A McKinsey & Company study surmised that nearly half of work activities – from retail and food service to teachers and health workers – could be automated today through technology that already exists. The factory environment is a prime example of where technology has enabled increased output and will continue to do so. As reported in an online article in The Manufacturer, the number of factory jobs in the U.S. has declined 60% in the past sixty years, with jobs morphing into new, complementary careers coming onto the scene.
Although the potential benefits of the IoT (Internet of Things) have been talked about for years, the technology is still being refined. As that takes place, jobs for people will include designing, building and programming the machines that use IoT. In fact, the demand for robotics specialists is expected to double in the foreseeable future. In addition, IT jobs like developers and data scrapers, who extract data and prepare it to be utilized, will be needed to establish the framework for IoT and artificial intelligence (AI) machine learning to operate within.
Following are areas of manufacturing where IoT and AI are already working their magic:
1. Machine Vision
Machine vision is one of the most accessible and cost-effective forms of AI plus IoT that manufacturers can employ today, including:
- Spotting machine defects, handling quality control and tracking production.
- Identifying health risks and safety issues.
- Validating employee work time using HD cameras and punch-in systems.
- Blocking access or stopping production when dangerous situations are detected.
- Tracking parts and materials using barcodes to automate inventory.
2. Cost Optimization
Using predictive analysis, AI can calculate the raw materials needed based on sales predictions. Sensors in the factory can track the manufacturing process to find, solve and even prevent production bottlenecks. Once configured, machines can work independently and around the clock, reducing the need for the majority of human input.
3. Predictive Maintenance
Machine learning can be used to gather historical and live data to analyze operations and predict when and how parts may fail. The factory’s repair team can then schedule preventive maintenance instead of reacting to rush situations and extended downtime when machines fail unexpectedly. Another McKinsey & Company report indicated that when factories employ sensors and AI for predictive maintenance, they reap the benefits of reduced maintenance costs (up to 25%) and increased production line availability (up to 15%).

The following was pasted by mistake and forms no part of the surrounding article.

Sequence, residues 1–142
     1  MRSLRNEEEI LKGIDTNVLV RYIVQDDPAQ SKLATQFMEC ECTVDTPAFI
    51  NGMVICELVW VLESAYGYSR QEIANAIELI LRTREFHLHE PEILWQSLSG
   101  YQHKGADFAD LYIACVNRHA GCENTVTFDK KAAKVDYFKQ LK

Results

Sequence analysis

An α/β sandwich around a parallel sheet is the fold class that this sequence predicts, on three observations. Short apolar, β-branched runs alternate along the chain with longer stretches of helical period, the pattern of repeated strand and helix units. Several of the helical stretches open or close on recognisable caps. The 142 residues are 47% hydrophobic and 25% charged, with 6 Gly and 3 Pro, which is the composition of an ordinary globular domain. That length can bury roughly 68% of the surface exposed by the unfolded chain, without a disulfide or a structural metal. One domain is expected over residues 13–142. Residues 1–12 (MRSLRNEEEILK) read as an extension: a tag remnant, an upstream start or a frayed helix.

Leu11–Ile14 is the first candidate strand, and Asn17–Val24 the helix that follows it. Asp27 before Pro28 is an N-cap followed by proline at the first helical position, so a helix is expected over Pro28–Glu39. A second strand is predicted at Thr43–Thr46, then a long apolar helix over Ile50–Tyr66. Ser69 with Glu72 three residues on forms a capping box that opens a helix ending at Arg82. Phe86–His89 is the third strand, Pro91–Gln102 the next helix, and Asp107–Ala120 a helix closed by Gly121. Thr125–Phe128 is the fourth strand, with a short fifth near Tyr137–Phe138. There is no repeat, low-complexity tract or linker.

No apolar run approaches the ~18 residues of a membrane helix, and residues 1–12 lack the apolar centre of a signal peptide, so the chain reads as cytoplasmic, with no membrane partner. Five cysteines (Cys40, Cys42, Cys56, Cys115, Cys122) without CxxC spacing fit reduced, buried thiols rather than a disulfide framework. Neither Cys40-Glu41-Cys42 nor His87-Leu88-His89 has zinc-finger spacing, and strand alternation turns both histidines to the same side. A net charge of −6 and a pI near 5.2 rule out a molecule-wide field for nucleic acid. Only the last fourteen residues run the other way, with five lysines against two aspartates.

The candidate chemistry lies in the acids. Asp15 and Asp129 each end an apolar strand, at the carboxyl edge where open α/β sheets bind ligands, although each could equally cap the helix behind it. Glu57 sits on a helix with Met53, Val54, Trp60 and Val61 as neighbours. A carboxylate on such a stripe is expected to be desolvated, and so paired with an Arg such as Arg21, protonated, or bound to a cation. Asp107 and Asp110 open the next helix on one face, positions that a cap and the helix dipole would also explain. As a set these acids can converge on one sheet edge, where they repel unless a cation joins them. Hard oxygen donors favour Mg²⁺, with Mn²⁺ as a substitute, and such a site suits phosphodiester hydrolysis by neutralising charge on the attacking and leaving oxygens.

4. Production Optimization
Machine learning algorithms can interpret data originating from sensors and operators to calculate changes in processes that will improve production. AI can actually provide feedback to operators in real-time to improve production on-the-fly. Although they require a large investment, industrial robots outperform people physically while working with them to optimize production.
For a smaller investment than industrial robots, factories can implement cobots, or collaborative robots, designed for safe, direct interaction with humans in a shared space or in close proximity. Cobots can provide substitute labor for dangerous tasks and increase production speed and endurance. They can also be supervised and reprogrammed, making them more flexible and adaptable than the larger industrial models.
While combining AI with smart devices that use IoT will result in fewer decisions that require human intervention, more people will be needed to perform maintenance, supervision and scheduling of the tech that’s in use. Jobs will arise that we haven’t even conceived of yet. As AI and IoT innovations continue to evolve for use in factories, we will see efficiency, safety and production increases along with a shift in the type of careers available to people.
Download the Free Applied Software eBook today: “Leading Through Disruption and Digital Transformation” Key Takeaways from Conversations with 60+ Construction Leaders.